I’ve started noticing a pattern.

Manufacturers who sell complex, engineering-driven solutions often give away hours upon hours of their technical expertise upfront for free – just to win the job.

If this sounds familiar, here’s my question for you:

Does is absolutely have to be this way?

More often than not, I hear, “yes, it does in fact.” And here are some of the reasons why:

  • “The challenges our customers and prospects face are complicated. We can’t just hand them an off-the-shelf solution. So we need to do some legwork before we give them a proposal.”
  • “We need to demonstrate to the prospect that we’re capable.”
  • “It’s kind of just the way it works in our industry.”

OK, I get it.

And I get it because I’ve been there before.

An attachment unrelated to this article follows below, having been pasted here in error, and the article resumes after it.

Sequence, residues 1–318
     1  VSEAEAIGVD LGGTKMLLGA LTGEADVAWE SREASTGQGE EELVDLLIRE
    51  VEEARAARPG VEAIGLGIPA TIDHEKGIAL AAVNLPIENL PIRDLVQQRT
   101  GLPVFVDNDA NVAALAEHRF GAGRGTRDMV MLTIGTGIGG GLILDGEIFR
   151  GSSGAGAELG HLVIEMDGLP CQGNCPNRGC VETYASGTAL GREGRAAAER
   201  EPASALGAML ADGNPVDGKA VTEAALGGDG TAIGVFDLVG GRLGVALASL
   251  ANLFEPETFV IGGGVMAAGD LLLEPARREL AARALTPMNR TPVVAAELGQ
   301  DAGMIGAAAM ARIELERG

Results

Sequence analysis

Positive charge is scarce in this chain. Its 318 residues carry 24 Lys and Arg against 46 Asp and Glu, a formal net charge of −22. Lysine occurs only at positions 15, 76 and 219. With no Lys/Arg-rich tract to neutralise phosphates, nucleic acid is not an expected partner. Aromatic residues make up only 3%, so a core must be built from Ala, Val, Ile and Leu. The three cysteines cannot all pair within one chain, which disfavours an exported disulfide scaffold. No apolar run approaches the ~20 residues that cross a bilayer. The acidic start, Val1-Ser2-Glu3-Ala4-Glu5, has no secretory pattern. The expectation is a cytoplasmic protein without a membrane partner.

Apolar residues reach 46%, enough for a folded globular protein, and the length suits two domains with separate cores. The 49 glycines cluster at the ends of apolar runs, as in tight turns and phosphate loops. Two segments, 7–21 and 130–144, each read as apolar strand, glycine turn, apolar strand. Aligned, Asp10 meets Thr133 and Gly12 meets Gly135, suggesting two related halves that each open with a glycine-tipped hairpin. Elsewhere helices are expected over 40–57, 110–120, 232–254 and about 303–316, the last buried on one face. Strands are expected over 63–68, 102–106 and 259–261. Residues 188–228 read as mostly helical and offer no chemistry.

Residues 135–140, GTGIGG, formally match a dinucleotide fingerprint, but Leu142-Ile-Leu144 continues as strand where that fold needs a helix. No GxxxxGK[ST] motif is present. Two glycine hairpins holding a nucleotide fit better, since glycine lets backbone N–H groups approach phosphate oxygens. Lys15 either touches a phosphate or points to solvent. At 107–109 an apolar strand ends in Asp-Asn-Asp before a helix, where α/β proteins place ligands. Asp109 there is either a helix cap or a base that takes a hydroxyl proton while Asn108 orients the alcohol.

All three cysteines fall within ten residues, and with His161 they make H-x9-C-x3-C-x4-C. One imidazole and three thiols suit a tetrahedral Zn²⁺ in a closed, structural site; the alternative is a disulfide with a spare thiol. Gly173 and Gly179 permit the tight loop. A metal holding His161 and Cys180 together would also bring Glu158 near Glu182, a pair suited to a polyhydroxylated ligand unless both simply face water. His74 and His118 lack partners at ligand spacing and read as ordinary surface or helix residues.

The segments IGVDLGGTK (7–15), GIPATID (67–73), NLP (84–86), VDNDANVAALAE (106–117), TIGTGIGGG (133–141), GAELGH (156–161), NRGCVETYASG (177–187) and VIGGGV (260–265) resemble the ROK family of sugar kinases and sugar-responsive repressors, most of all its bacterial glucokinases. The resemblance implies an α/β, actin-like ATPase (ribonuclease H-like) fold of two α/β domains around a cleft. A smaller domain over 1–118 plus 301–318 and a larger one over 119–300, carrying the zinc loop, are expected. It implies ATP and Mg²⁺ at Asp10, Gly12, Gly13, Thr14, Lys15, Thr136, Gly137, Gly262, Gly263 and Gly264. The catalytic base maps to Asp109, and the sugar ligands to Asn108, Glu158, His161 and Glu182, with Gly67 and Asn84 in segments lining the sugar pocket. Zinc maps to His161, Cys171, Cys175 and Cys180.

Not as the president of engineering-driven OEM or manufacturing organization, but as the co-owner of a strategy-driven marketing consultancy. 

We’re actually not so different.

In both of our scenarios, we investigate a prospect’s problem – which can often be very complex. Then we combine the findings from our investigation with our expertise and experience to bring an applied solution to the table.

The problem:

Arriving at that solution is often a time-intensive process with no guarantee of compensation.

So in this article (part one in a set of two), I’ll start by showing you how we used to fall into this same trap (and also explain how we escaped). Then I’ll do my best to convince you that there just might be a different way for your business.

And if I still have your attention, in part two, I’ll help you design what I call your “spectrum of value creation” — or a progression of future customer interactions and engagements that range from low- to high-commitment for both you and your prospect. 

In other words, I’ll show you some potential paths out of the giving-your-thinking-away-for-free trap.

Let’s get into part one.

How we used to give away our expertise